There's no shortage of choice for quality headphone amps. Whether your budget is $249 or $5,000, or somewhere in between, you should be able to find an amp that satisfies your requirements. The same goes for D/A converters. The little Grace Design SDAC is killer at only $79 while high-end DACs routinely go for many thousands of dollars. Preamps? Same story. As a more "traditional" hi-fi component, there's a seemingly endless supply of designs out there. A surprisingly large number of brands sport prices you might typically associate with a new luxury car. On the other end, Schiit's Saga does a bang-up job at $349. Yes, there are more options than ever for building a system using separate components for each function. Yet things don't often go as well when using integrated devices.
About this time last year I reviewed the then new Sennheiser PXC 550 BTNC over-ear, noise canceling headphones in hopes that someone would manage to unseat the Bose Quiet Comfort 35. Didn't happen. The Sennheiser had some great features, but in the end it was just too bright for me. Recently I got a few more Sennheiser wireless noise cancelers and I found they too seemed overly bright. Now I consider Sennheiser the world's best headphone manufacturer. They've got a lot of experience under their belt, so when I hear a batch of Sennheisers, from differing product lines, that all seem too bright and have a quite similar measured response, I've got to question myself. Maybe they know something that I don't.
Gotta say, it feels kind funny swinging my doors wide open and letting everyone into my home. I try to keep it mostly business here. But I've often thought you guys would enjoy some of the gadgets I've built. Make sure you stay 'til the end so you can see the back country camper I'm building from a FedEx truck. I'm particularly proud of Putt, my step van.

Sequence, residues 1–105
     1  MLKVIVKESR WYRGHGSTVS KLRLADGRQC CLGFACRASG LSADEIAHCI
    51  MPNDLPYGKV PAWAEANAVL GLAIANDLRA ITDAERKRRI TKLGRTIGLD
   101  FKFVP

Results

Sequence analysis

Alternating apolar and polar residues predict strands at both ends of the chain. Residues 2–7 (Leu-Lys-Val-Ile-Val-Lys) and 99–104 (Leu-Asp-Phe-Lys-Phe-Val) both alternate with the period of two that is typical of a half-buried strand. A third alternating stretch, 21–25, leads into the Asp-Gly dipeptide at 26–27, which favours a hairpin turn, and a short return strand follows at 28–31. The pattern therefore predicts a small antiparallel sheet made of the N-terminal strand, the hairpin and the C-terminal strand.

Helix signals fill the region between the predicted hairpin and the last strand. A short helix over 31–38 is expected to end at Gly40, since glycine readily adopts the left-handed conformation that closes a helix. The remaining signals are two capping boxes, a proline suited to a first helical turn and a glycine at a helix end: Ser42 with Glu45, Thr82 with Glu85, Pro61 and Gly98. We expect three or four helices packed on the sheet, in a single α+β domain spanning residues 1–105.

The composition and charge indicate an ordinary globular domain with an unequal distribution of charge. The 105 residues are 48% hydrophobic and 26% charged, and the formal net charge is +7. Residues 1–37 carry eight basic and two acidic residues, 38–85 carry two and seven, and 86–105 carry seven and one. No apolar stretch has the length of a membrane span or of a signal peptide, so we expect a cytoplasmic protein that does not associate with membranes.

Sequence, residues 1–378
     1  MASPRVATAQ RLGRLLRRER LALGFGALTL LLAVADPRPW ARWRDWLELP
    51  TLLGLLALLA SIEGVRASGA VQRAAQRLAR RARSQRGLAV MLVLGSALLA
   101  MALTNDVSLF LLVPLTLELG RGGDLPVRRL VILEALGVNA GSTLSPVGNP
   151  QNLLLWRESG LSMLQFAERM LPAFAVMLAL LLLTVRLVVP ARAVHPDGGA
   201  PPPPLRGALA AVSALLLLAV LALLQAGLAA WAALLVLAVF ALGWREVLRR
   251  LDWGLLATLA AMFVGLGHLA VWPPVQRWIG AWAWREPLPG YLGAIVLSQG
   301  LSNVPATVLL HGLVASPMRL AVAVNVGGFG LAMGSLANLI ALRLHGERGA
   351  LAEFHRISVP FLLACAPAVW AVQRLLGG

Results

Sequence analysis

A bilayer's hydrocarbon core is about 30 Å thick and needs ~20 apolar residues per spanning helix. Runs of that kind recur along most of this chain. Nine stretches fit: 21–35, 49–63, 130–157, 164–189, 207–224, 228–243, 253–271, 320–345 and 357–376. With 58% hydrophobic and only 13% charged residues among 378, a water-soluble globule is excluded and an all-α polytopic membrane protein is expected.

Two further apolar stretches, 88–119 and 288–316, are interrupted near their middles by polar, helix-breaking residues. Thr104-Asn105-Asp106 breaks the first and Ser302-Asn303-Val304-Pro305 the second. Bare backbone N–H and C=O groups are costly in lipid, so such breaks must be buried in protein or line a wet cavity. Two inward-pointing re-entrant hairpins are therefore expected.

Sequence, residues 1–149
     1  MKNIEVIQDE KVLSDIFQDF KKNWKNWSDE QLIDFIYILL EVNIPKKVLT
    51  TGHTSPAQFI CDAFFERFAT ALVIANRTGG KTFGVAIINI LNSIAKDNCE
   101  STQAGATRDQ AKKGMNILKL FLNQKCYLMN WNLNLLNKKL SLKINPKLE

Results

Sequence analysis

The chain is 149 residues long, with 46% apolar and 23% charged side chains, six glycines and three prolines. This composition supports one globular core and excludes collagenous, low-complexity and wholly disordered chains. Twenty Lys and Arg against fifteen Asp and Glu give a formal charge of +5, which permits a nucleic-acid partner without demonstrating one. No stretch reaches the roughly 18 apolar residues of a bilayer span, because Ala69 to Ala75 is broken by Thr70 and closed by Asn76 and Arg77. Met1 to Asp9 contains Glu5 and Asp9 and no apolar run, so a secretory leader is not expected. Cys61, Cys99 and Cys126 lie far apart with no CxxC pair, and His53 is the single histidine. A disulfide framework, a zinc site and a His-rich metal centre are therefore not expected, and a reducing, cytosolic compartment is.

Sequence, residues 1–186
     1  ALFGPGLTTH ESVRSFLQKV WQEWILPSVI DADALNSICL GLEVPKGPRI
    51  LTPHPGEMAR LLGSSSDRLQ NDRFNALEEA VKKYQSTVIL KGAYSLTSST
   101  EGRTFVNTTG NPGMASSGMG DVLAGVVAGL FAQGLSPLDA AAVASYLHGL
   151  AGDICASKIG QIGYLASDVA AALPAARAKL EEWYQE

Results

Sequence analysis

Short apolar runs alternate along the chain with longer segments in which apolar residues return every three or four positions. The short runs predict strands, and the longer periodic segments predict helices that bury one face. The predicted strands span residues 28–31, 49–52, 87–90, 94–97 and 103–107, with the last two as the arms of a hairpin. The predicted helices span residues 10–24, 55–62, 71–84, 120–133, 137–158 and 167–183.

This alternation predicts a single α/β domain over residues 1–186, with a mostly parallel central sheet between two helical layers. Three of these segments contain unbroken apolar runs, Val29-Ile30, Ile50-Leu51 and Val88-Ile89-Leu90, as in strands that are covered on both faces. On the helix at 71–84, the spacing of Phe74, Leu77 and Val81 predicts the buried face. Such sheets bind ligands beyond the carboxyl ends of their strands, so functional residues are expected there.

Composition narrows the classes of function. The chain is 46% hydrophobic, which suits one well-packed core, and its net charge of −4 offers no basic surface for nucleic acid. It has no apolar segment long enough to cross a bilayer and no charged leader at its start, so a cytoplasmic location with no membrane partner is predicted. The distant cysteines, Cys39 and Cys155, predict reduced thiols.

To say I looked at the Bose SoundWear Companion Speaker with a great deal of skepticism when I first saw one in the Bose kiosk at Denver International Airpot after RMAF is a serious understatement. Boy was I in for a surprise!
A couple of months ago, out of the clear blue, I was approached by the folks at Listen Inc. to see if I was interested in having an equipment sponsor for my headphone measurement program. After a few moments of stunned silence I said, "Um, sure, let's talk about it."
Chatting with Jana and listing out the review process really drove home just how complicated and how many discrete steps are involved. You'll notice I look down a lot in the video. It took about three pages of single line notes to detail all the steps in proper order.